Facebook created a solution, they asked users to select from some options in a drop down to describe how the photo made them feel. Some of the options were things like “embarrassing”, “upsetting”, “bad photo” and “other” along with a box to enter text to describe “other”. When they released the feature they found 50% of users selected one of the named emotions and 34% selected “other”. But of the people who selected “other” the number one typed in response was “it’s embarrassing” – a slight variation to one of the drop down choices.

In light of this data Facebook tweaked the interface. So instead of just “embarrassing” and “upsetting” they changed the choices to “it’s embarrassing” and “it’s upsetting”. This raised the number of people who selected one of the listed emotions from 50% to 78%. One word: “it’s” increased interaction with that content by over 50%. By including “it’s” the blame is shifted from a person to an object. I’m not embarrassed, it’s that photo that is embarrassing.

I recently did a copy test in the global navigation bar of a major electronics manufacturer. The global navigation had 5 options including two items; “Discover” and “Shop”. Now if you’re looking for a new widget from this company, which would you choose to learn more about it? You aren’t ready to buy it just yet, so you might want to “Discover” more information about it. But when you go to “Discover” you find glossy articles talking about other products from the company, not the one you want. “Shop” is the menu item you want, it is where all the products are listed by category and you can drill down to the product detail information. So we changed “Shop” to “Shop Products” and saw a 54% increase in interactions with that menu item and a 35% decrease in interactions with the “Discover” menu item.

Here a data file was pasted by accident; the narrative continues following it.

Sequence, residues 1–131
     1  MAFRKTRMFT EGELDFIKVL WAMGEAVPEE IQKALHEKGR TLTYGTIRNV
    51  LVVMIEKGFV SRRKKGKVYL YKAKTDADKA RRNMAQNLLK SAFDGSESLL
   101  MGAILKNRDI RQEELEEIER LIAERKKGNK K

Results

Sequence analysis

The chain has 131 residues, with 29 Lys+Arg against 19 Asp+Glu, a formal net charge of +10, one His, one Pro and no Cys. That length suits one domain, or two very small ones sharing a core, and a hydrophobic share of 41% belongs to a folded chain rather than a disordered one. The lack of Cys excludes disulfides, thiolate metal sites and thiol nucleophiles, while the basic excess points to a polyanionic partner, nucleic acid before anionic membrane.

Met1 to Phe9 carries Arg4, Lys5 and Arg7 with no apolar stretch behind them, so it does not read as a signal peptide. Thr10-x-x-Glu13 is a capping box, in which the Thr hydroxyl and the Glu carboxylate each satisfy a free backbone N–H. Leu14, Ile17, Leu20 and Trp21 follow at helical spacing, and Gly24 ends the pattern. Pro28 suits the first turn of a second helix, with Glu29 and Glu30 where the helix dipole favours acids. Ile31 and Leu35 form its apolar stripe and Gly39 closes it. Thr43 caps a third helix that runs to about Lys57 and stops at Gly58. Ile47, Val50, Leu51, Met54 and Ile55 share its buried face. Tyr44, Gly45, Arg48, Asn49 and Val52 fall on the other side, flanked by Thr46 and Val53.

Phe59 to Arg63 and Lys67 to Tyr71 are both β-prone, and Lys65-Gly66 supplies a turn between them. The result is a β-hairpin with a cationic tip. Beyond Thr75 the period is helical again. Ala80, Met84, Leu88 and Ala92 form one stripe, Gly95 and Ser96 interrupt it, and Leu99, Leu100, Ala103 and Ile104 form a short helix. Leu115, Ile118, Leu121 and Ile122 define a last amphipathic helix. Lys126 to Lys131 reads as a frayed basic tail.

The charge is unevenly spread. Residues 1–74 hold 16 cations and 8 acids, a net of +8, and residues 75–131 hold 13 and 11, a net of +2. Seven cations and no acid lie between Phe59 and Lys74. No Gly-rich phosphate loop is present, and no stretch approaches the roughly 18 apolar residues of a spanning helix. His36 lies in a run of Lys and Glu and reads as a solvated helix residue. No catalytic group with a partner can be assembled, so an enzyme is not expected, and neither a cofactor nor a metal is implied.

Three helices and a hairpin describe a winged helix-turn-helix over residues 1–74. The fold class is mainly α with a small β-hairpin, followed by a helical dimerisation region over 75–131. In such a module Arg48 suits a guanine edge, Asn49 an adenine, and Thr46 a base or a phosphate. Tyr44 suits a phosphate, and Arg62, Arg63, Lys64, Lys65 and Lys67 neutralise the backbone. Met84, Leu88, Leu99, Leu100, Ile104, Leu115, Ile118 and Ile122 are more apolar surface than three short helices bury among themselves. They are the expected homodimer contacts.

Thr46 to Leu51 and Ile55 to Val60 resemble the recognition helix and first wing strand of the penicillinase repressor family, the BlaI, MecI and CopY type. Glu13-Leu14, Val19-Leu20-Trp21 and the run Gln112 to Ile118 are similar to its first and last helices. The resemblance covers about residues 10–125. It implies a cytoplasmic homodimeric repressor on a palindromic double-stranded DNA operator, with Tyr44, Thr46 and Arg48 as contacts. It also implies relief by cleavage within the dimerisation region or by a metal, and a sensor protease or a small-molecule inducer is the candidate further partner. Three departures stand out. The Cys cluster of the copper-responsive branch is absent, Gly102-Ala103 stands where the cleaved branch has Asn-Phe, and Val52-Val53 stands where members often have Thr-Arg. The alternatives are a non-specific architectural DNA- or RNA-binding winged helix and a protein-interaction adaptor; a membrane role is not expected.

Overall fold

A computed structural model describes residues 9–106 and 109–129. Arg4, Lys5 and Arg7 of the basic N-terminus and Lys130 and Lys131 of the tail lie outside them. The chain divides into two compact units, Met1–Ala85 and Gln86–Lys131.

A travel business client has a gift card line of business where you can buy someone a card with a dollar amount attached for travel anywhere. The default amount shown (you can change it, but the dollar amount is very prominent) is $1000. I suggested we do a Valentine’s day promotion with the headline theme of “send the ones you love to the places they love”. It’s a message of giving something you know the recipient will enjoy and the word “love” is used twice – a powerful emotion and a powerful word. The client’s marketing department came back with a different approach of “venture big this Valentine’s day”. The word “venture” as in “venture capital” means to take a dangerous risk. The first definition from is below.

Venture, noun. 1. an undertaking involving uncertainty to the outcome especially a risky or dangerous one: a mountain climbing venture.

So the message is: spend a lot of money ($1000 suggested on the page) on the outside chance that your loved one will appreciate it. The test did indeed fail and my suspicion is that the word “venture” is primarily responsible.

And so you see, a single word can have a powerful effect. Take care with your copy and test it rigorously.


’tis the season

In my game we call it “seasonality”, the term is meant to describe user behavior that can differ wildly during certain periods of the year. This should not be a surprise to seasoned digital marketers, but what’s interesting is that it can have an effect on products and services that one would not normally suspect.